USPS ships out its telecom

USPS ships out its telecom

Despite the General Services Administration's best intentions of providing agencies with low-cost local telecommunications services through the Metropolitan Area Acquisitions, agencies are looking elsewhere for better deals.

The Postal Service is taking its chances with SBC Communications Inc. USPS is betting that the San Antonio company can save it more than $15 million on local telecom services over the next two years'more than the Federal Technology Service's MAA could have cut costs.

USPS gave SBC a gain-share contract for managed services, under which the company will earn a portion of whatever it saves above the $15 million.

The company will centralize management of local voice service for more than 37,000 postal offices, negotiating volume discounts where possible.

'We get a break, and they get a cut of the savings,' USPS program manager Tom Nicolosi said. '$15 million is the minimum. We expect to shatter that number.'

'Between $15 million and $25 million is where we think it will end,' said Doug Dangremond, executive director of SBC's federal solutions group.

The program began in January, and SBC will deliver a $5 million check on Sept. 1, Dangremond said. The contract runs for three years with two one-year options. Savings targets have not been set past the first two years.

The contract is part of the Postal Service's Breakthrough Productivity Initiative. The BPI cost-cutting effort saved $138 million last year by centralizing procurement of commodities such as tires, fuel oil and copiers, Nicolosi said.

Losing money

USPS' five-year business plan, which runs through 2005, counts on BPI to save $3 billion to $4 billion. The General Accounting Office in May put USPS on its high-risk list, estimating the Postal Service will lose up to $2.4 billion in this fiscal year and up to $2.5 billion next year, despite postal rate increases.

Dangremond said SBC has smaller gain-share contracts in the commercial sector, but none so large and none for the government. He said the Postal Service's willingness to take a hard look at its communications services made the deal attractive.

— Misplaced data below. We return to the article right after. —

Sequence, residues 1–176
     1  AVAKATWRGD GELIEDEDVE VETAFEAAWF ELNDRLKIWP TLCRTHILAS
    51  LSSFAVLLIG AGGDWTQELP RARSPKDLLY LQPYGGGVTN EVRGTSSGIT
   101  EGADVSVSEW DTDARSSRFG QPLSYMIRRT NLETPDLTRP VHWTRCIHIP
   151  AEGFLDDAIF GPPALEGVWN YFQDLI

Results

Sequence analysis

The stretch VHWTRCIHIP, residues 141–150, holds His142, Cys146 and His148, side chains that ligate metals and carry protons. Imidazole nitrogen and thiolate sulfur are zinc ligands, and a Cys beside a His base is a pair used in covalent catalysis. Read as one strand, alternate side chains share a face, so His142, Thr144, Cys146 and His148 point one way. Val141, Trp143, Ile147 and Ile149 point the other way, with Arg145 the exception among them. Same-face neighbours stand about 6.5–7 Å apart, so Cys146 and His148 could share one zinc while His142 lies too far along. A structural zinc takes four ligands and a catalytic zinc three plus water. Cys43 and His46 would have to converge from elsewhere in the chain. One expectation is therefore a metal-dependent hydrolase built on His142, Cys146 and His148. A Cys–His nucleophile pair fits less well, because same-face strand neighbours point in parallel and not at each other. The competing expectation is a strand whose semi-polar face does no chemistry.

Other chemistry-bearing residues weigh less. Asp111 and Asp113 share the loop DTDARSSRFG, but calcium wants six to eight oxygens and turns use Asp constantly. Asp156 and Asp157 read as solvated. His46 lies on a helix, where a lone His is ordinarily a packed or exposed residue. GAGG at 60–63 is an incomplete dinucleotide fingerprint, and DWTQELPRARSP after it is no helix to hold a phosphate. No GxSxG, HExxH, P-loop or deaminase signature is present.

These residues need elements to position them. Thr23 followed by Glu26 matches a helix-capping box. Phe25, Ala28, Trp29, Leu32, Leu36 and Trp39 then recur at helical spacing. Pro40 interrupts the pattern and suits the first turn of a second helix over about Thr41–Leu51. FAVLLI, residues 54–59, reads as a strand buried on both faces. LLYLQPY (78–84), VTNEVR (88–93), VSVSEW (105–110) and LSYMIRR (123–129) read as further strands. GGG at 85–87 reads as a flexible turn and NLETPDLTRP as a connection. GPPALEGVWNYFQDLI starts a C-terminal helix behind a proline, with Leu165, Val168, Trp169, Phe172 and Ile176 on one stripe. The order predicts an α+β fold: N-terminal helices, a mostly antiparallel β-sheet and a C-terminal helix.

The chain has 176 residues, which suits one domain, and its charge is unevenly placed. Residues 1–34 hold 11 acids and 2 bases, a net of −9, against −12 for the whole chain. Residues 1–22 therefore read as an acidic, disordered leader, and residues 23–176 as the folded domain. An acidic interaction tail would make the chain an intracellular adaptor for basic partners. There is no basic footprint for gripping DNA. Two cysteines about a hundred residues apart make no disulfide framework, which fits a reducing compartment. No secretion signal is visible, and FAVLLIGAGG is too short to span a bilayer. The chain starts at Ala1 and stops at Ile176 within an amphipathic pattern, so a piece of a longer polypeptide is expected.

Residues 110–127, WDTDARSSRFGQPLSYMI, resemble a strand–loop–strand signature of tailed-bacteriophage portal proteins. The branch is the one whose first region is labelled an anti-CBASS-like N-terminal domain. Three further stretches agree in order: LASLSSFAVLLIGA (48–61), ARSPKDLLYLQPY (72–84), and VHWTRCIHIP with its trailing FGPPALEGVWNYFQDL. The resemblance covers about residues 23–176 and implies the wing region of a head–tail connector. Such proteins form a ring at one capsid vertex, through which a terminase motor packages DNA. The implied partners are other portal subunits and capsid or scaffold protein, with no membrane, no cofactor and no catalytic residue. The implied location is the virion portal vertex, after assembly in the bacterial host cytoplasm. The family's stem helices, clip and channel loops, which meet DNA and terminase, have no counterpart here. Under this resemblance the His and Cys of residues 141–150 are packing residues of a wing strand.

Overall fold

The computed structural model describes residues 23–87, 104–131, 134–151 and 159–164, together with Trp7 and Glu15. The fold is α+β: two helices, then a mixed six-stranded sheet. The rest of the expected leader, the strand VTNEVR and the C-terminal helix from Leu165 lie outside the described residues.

'It really isn't much of a gamble,' Dangremond said. 'They identified the savings; we're just helping to achieve them.'

A staff of about 20 employees at SBC's Chicago managed services organization is monitoring phone use at 2,000 USPS locations to optimize connections to the public switched network. New technology is converging the incoming lines in some cases.

'We eventually will get to all postal locations,' Dangremond said.

Local telephone service in the past has been managed in 85 separate districts, reducing leverage. Now SBC is seeking volume discounts with fewer carriers.

'We're looking at it across larger business models,' Dangremond said.

SBC will use the MAA contracts in New York City, but it expects to get some rates better than the program offers.

'We are looking to use MAA where it fits,' Nicolosi said, because MAA is available only in selected cities. 'We have much greater buying power. We are not cherry picking our cities.'

MAA contracts were attractive, for instance, in the Indianapolis area, Nicolosi said, but statewide it made more sense to negotiate outside deals.

'We don't look at this as outsourcing but as paying for outside expertise,' he said. 'It gives the Postal Service a chance to learn for ourselves.'

About the Author

William Jackson is a Maryland-based freelance writer.


  • Records management: Look beyond the NARA mandates

    Pandemic tests electronic records management

    Between the rush enable more virtual collaboration, stalled digitization of archived records and managing records that reside in datasets, records management executives are sorting through new challenges.

  • boy learning at home (Travelpixs/

    Tucson’s community wireless bridges the digital divide

    The city built cell sites at government-owned facilities such as fire departments and libraries that were already connected to Tucson’s existing fiber backbone.

Stay Connected